Monday, June 12, 2006

The reason A Prairie Home Companion works so well for its subject, the reason it's an unusual movie, the reason it's a typical Altman movie, and the reason critics have been more or less condescendingly calling it endearing rather than just recognizing that it's a really good movie, all come down to the stranglehold the standard three-act structure has on American movies. While most movies derive from Ibsen, Altman's derive from Chekhov; not only are their plots and characters diffuse, but they have that same seriocomic spirit and unfamiliar acceptance of everything that make Chekhov popular with actors and a little scary for most audiences. No matter how big the project, Altman's movies are always modest in aim; he's never wanted to make a great movie featuring great performances that will knock everyone's socks off, and that makes him very hard for film reviewers to really get. They treat him like an eccentric uncle because they don't get that the rejection of greatness is a pretty great thing.
John C. Reilly has such a beautiful voice you have to wish somebody'd write him a musical.

The Faculty Room, at Wolly Mammoth, is not great and does not work. There's sort of an amusing bit in it in which a sock-puppet Holden Caulfield has a dialogue with an English teacher and, eventually, a sock-puppet J. D. Salinger. The thing is, it only reminds one that Holden is right: most people are phonies, and that sucks, and people really ought to try to make some kind of commitment to being truer to who they really are. The Faculty Room seems phony because everything in it seems contrived to have its effect, including the invocation of the popularity of the Left Behind books. It's evident that the play is trying to use the Rapture in the way Angels in America used angels, but it comes off as just a device to make something happen. The central line of the drama futzes around on the topic of teachers sleeping with students, but it just makes the appeal to conventional morality seem squalid and unimaginative.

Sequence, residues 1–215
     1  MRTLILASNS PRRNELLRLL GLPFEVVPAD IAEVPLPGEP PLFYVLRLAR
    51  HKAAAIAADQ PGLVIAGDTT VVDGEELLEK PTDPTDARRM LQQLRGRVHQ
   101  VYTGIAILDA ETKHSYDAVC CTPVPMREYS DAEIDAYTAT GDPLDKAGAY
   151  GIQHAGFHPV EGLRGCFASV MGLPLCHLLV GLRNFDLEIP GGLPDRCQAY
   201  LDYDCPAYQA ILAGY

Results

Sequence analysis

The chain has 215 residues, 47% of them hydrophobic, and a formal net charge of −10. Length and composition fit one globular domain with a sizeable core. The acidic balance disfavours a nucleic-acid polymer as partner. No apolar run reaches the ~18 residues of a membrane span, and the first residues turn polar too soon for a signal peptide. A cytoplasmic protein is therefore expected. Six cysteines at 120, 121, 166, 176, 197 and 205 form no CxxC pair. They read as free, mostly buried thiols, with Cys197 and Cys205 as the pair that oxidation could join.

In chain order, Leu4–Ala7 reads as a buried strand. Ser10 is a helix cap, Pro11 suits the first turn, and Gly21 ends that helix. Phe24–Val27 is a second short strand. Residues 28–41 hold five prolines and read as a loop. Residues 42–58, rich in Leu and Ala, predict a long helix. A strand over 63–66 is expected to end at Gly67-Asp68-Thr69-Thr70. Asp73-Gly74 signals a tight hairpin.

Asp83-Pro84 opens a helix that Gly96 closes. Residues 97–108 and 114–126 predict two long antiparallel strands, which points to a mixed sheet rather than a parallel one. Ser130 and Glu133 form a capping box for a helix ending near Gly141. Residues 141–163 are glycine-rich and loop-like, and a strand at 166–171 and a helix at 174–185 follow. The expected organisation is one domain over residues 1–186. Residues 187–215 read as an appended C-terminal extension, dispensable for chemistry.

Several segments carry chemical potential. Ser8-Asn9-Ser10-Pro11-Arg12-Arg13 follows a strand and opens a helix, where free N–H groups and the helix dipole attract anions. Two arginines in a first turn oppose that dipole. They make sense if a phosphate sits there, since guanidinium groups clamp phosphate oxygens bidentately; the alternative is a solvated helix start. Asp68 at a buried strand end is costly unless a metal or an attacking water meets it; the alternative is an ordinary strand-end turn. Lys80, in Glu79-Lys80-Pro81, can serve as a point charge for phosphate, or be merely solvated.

This week I've got to finish a conference presentation on The 5000 Fingers of Dr. T to give in Massachusetts next week and I'm way behind. I'd like this to be the core of an article or even book I've had in mind for at least five years. I'll also be working on stuff for the dreams and education book. After the conference Art and I will be in Provincetown for a week, so it'll be July 4 before I'm back and trying to get back on a writing schedule. When I get a chance I'm going to write some on what I learned by doing the Sex and Cinema course this summer; I want to throw together a couple of book proposals and see if I can get a project going (on dreams); and I've got fall preparation to do. But i'm hoping to get back to some other writing in July and August.